As NCLB slowly dies from a combination of Congressional inattention, regulatory whittling, and the sheer weight of public rejection, it’s worth asking why so much of the optimism surrounding the law proved unfounded, and what those who still believe in federal intervention on behalf of disadvantaged students should do next.
WHILE NCLB HAS obviously failed politically, its net effect on student learning is less clear. There is only one reliable measure of overall student achievement in the United States: the National Assessment of Educational Progress, administered biannually to a representative sample of students by the U.S. Department of Education. According to the NAEP, student learning progressed after NCLB much as it had been developing before: slow, steady gains in mathematics, particularly among elementary school students, but little improvement in reading at any grade.
Results on state tests have been substantially better, which was, importantly, the point: Schools are held accountable for how much they learn on state-created exams matched to state-developed standards, not the NAEP. But as Harvard professor Daniel Koretz has written, that can create problems of its own. High-stakes tests that consistently focus on narrow slivers of a larger curriculum can yield inflated scores when schools devote large amounts of time to test prep exercises. Scores on New York state tests improved so quickly that the state had re-calibrate scores downward, causing school ratings to lurch from year to year.
To be sure, ongoing progress in the foundational subject of math is a real accomplishment. School improvement trajectories aren’t like bodies in motion, coasting on momentum. They’re more like the path up a mountain, each step harder than the last. But in the end, a fair look at American education over the last two decades doesn’t suggest that anything momentous happened in 2001. And NCLB certainly failed spectacularly by the terms built into its system of continuous improvement: We will be nowhere close to having 100 percent of students proficient in 2014.
And in that wildly optimistic goal, the conceptual flaws of No Child Left Behind can be most easily found. It’s crucial to remember that in 2001, one could fairly characterize the previous half-century of federal education intervention as a long winning streak. In Brown v. Board, the judicial and military might of the federal government was used to prevent racial discrimination against minority students. ESEA focused on financial inequities, providing federal dollars to high-poverty schools. While the 1973 school funding case San Antonio v. Rodriguez ultimately failed in the Supreme Court by a single vote, it provided a template for successful lawsuits in dozens of states that forced legislators to start equalizing funding among schools. When the law that became the Individuals With Disabilities Education Act passed in 1975, millions of vulnerable students were granted enforceable legal rights to a quality education.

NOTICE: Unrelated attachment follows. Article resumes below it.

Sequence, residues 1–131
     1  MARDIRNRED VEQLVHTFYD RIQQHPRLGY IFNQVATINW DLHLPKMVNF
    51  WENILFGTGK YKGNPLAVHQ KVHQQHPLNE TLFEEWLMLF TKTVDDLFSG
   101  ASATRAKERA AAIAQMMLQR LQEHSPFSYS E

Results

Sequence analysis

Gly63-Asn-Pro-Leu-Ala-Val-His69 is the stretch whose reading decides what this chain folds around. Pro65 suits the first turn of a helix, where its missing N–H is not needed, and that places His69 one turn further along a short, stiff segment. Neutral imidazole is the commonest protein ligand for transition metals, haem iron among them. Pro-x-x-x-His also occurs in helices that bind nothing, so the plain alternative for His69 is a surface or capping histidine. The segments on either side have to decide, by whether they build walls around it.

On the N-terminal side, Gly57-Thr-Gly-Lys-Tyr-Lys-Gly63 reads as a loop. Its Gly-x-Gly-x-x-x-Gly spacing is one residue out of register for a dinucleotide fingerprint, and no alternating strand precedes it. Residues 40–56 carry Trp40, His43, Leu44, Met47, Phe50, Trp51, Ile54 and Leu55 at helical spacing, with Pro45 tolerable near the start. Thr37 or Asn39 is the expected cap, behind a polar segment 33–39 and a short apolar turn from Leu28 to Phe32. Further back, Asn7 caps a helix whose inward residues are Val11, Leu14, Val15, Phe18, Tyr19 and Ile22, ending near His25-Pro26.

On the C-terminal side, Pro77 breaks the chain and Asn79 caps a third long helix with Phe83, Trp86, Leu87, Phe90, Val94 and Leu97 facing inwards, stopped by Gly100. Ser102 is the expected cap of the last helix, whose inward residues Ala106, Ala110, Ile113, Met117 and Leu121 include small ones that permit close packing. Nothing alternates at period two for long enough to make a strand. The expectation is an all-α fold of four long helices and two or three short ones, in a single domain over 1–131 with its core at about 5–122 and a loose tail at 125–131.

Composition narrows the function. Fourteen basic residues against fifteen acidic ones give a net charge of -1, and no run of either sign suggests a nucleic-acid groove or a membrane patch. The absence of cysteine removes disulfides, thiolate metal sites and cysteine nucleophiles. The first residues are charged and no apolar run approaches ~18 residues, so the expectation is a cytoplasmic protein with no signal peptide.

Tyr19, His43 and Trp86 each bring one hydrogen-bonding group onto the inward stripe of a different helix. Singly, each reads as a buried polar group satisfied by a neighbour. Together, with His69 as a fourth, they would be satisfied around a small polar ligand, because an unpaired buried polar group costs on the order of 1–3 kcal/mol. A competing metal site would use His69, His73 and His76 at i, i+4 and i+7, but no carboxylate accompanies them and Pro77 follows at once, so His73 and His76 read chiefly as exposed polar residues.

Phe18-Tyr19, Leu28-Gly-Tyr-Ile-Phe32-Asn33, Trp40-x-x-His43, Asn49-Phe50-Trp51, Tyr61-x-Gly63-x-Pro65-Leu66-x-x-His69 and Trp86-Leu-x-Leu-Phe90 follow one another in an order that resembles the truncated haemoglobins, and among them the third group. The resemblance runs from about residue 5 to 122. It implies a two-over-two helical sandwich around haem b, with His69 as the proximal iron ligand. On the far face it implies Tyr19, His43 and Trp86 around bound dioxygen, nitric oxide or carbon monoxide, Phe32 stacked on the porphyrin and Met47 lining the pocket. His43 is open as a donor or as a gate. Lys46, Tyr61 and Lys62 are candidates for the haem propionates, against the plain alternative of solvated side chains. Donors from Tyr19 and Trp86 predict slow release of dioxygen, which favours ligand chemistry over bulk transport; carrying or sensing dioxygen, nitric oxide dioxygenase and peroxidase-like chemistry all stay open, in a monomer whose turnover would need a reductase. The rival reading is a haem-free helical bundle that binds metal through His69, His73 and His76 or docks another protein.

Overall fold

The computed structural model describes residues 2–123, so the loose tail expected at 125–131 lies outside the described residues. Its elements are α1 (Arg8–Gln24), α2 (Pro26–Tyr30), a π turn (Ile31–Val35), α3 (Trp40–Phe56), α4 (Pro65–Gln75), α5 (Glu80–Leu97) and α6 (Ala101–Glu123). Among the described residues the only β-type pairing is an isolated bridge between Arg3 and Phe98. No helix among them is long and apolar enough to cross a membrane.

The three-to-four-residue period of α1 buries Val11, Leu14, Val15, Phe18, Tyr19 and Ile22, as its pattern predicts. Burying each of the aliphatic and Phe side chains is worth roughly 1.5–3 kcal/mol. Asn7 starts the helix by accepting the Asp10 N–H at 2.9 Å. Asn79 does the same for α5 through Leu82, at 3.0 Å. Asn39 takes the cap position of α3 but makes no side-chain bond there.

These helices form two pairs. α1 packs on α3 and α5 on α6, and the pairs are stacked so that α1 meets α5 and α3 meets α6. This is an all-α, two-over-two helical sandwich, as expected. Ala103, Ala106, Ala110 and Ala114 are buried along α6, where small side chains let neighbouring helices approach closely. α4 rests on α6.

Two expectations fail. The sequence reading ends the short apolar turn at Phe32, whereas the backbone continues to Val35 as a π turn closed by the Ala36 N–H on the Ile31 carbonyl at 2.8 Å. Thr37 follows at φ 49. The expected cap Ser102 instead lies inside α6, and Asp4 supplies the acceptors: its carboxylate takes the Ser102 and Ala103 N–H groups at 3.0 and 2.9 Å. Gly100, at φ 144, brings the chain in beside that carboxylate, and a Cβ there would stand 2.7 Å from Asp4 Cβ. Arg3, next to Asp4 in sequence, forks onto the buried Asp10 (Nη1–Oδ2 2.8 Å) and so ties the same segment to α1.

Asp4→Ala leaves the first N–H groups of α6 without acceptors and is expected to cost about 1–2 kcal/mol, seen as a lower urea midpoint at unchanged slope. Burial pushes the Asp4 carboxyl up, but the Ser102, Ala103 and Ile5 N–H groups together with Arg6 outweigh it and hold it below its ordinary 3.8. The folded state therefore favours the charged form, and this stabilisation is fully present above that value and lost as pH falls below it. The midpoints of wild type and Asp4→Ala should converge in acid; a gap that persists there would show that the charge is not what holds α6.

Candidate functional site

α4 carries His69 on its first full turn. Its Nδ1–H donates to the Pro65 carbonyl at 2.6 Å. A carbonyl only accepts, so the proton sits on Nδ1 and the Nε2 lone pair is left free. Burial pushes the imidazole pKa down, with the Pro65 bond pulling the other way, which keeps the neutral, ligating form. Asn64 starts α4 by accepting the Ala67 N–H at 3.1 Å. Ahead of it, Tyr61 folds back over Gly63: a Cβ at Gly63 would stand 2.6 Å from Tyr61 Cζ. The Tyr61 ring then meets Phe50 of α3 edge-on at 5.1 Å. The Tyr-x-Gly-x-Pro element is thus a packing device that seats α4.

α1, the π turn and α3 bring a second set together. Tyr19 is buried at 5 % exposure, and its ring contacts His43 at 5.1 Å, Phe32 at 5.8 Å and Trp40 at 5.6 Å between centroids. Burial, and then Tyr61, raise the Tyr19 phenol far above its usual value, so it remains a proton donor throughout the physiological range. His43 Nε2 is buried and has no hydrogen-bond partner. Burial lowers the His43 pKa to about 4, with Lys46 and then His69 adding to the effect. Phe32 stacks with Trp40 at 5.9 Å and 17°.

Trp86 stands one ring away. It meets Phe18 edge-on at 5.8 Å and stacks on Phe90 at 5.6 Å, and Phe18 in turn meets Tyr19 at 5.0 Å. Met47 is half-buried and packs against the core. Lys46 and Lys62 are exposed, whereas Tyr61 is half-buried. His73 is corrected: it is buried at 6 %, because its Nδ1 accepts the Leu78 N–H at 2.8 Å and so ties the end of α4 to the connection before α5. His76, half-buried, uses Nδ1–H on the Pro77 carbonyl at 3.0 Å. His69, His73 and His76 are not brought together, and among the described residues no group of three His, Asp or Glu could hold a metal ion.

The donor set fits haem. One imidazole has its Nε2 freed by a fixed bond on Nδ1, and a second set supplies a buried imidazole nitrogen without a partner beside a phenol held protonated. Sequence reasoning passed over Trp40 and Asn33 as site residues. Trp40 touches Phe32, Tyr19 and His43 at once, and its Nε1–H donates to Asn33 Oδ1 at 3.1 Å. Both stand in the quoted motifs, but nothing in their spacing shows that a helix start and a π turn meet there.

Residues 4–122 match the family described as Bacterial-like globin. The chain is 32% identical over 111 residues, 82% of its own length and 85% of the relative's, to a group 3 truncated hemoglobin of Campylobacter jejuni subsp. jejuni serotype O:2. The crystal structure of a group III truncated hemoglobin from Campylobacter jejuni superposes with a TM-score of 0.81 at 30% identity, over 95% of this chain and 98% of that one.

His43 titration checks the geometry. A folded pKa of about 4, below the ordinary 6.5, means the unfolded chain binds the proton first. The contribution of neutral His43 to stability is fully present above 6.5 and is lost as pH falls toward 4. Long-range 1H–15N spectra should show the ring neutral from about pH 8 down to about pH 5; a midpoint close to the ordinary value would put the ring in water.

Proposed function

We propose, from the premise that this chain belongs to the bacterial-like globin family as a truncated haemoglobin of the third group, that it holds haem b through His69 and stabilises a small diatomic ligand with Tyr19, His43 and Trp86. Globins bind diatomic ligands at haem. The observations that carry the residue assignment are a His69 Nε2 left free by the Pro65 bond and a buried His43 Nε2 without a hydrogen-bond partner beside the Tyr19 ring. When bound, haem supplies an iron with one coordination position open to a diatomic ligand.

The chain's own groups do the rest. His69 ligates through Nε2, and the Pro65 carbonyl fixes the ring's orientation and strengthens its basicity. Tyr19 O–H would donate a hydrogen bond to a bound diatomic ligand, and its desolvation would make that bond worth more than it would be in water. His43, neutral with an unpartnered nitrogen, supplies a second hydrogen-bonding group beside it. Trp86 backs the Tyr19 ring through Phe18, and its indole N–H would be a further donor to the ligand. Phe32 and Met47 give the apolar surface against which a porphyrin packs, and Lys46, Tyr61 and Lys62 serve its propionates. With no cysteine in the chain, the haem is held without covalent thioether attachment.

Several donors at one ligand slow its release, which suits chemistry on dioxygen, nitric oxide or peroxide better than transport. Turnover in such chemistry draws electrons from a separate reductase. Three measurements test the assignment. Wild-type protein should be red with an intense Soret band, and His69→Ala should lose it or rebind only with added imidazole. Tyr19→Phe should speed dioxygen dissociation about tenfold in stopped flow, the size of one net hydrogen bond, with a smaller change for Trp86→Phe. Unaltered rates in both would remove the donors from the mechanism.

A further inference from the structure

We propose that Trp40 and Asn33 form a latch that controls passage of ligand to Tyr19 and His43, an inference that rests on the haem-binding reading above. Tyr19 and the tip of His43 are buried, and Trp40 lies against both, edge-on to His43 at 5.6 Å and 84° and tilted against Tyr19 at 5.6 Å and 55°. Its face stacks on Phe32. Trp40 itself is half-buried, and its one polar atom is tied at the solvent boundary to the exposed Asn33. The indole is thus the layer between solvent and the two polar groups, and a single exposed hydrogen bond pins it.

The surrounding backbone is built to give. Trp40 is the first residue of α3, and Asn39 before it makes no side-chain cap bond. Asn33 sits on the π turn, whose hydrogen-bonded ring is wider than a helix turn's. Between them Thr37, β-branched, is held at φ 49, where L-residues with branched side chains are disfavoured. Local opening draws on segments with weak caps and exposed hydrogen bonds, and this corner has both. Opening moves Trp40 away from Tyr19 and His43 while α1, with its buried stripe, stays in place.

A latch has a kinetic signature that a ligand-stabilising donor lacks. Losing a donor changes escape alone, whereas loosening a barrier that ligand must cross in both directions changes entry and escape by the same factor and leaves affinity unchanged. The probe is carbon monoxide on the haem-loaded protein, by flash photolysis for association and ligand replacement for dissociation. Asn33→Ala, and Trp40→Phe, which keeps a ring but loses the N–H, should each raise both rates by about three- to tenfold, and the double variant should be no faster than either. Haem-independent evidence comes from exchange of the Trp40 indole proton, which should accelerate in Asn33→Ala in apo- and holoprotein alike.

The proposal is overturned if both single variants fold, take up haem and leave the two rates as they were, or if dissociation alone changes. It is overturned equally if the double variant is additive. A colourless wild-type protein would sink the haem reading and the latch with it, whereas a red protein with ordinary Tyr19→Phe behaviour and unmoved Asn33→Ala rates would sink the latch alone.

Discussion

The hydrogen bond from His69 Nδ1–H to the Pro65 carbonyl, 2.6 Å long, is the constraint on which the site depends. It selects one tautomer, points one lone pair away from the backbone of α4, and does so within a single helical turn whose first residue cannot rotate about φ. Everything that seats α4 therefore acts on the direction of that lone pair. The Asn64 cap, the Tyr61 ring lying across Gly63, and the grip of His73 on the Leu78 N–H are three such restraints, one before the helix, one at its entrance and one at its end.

In each case, national policymakers stepped in to help students who were ill-served by locally-run schools. The foundations of standards-based accountability were laid in 1994, during the previous reauthorization of ESEA. No Child Left Behind was designed to make those ideas meaningful by building accountability incentives strong enough to push school schools and students to new heights of performance.
But if the previous laws were ideal precedents in spirit for NCLB, they weren’t adequate precedents in design. Brown made reprehensible practices illegal; IDEA granted legal rights to a certain class of students. But neither suggested empirical solutions for improving the everyday classroom experience of America’s millions of disadvantaged students.